Nowadays, unreasonable or inordinate delays in immigration petition processing times are causing clients significant stress, particularly because travel may be restricted while the immigration petition or application is pending. However, there is a solution which may have been viewed as extreme in previous years, but which now is getting renewed attention. That solution is filing a lawsuit against the United States Immigration and Citizenship Services ("USCIS") in federal court under the Mandamus and Venue Act of 1962. Under this Act, the party bringing the lawsuit is demanding that the court order USCIS to act and adjudicate the petition or application. In such a case, the party bringing suit must show that he or she has a clear right to the relief requested, that the government has a clear duty to perform the act in question, and that there is no other adequate remedy available.
The most common type of cases that fit this category are marriage-related adjustment of status cases. The federal courts have generally held that the Immigration and Nationality Act provides a clear right for a U.S. citizen to have the adjustment application for his or her spouse to be adjudicated. The question then becomes whether or not the delay experienced by the applicants is unreasonable. There are various court decisions on reasonableness but suffice it to state that the courts have held that a three- or four-year delay in adjudicating an adjustment petition is unreasonable. However, courts have also held that an 18-month delay is not unreasonable. Courts use various factors in determining whether a delay is reasonable.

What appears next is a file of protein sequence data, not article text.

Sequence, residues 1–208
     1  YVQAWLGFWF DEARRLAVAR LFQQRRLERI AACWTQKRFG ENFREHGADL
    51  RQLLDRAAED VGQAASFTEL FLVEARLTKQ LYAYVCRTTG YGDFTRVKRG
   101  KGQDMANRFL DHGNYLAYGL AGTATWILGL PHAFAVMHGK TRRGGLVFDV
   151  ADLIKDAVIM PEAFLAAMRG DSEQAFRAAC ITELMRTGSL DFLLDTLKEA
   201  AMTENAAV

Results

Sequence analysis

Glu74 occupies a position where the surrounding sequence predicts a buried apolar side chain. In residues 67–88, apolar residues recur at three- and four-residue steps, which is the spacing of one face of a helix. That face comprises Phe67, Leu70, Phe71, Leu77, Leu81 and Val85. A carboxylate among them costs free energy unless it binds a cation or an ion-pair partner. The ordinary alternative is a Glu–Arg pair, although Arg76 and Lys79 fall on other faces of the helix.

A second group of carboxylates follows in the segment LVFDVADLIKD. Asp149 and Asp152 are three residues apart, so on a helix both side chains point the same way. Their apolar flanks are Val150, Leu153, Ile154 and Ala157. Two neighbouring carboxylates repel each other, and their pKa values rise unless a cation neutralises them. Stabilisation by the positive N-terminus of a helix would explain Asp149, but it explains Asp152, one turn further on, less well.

However, if you feel that your case is subject to an inordinate delay, then filing a lawsuit under the Mandamus and Venue Act may be in order. The facts of each case, however, should be reviewed to determine whether or not the delay is inordinate.
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If you have any questions regarding immigration law, the process for immigrating to the U.S. or appealing an adverse immigration service decision, please contact Santiago J. Padilla at 1-800-483-7197.